Budget 2018: A small victory for Travel and Tourism
Has the Budget done enough to reassure a nervous travel sector?
The Chancellor didn’t grant the travel industry its number-one wish; there was no reduction in Air Passenger Duty (APD) despite the continuing calls from the industry. This wasn’t really a surprise given APD generates approximately £3 billion for the UK treasury and any reduction would impact other politically sensitive areas such as health, education and social services. That said Philip Hammond has done some things that may boost the spirits of the industry.
Personal allowances have gone up which will increase the pounds in the pocket of customers - the absence of an attack on higher rate tax relief on pensions will also help a consumer segment which traditionally spends on holidays. Hopefully this will improve confidence in what is now an increasingly nervous marketplace.
The change to lettings relief may limit further growth of Airbnb and reduce the impact of existing Airbnb businesses. This may represent a small respite for the more traditional hotels and B&Bs they compete with.
The decision to open e-Passport gates at airports to non-EU visitors may increase inbound tourism from the US, Canada, Australia, New Zealand and Japan. For firms with agencies on the high street a cut in business rates is also very welcome.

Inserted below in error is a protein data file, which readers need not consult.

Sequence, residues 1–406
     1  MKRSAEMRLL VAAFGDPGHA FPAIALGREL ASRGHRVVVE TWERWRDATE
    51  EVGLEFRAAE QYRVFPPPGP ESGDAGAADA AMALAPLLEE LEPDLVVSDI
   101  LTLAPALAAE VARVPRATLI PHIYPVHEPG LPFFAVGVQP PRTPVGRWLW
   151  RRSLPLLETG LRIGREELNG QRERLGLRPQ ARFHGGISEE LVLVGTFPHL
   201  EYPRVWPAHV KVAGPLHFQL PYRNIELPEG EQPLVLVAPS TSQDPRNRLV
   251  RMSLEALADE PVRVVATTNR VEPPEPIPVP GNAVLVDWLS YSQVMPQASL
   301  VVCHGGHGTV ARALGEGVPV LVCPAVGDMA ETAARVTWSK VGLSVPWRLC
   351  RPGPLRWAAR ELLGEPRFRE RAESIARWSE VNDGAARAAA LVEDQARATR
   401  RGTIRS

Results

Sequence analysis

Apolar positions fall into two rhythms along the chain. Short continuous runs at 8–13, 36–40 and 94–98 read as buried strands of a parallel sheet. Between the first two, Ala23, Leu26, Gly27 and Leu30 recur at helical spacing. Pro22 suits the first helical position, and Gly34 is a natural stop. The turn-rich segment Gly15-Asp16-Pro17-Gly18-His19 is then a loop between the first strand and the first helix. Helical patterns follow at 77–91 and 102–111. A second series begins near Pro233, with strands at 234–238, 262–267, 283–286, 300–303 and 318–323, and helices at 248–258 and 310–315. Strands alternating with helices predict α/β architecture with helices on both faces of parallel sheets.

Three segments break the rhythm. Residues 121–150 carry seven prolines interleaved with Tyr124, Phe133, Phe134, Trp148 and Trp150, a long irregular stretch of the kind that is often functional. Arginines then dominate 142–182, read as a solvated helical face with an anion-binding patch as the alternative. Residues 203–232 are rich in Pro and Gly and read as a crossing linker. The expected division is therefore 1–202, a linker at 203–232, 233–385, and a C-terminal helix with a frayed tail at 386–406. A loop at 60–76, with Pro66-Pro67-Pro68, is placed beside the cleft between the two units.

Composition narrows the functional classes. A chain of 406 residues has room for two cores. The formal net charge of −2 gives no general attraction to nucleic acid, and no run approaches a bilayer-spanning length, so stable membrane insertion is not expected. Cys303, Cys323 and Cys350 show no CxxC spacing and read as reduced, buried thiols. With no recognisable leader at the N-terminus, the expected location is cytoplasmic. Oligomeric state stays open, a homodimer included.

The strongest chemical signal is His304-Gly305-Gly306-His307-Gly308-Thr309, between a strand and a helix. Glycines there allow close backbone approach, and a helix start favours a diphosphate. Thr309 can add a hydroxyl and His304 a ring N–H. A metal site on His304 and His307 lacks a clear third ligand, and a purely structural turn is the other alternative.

Brexit worries combined with concerns that the forecast growth for this year is only 1.3% and 1.5% going forward may impact consumer appetite for future commitments such as large holidays. The sector will be hoping that a Brexit deal is done which, combined with the British love of travel, will lead to a late surge in bookings next year.
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This Insight is part of exclusive content being provided by our experts on the Autumn Budget. View our special Autumn Budget 2018 coverage to read more commentary and analysis to help your business. Alternatively, send us an online enquiry to contact one of our business experts or speak to our Head of Travel & Tourism, Rajeev Shaunak.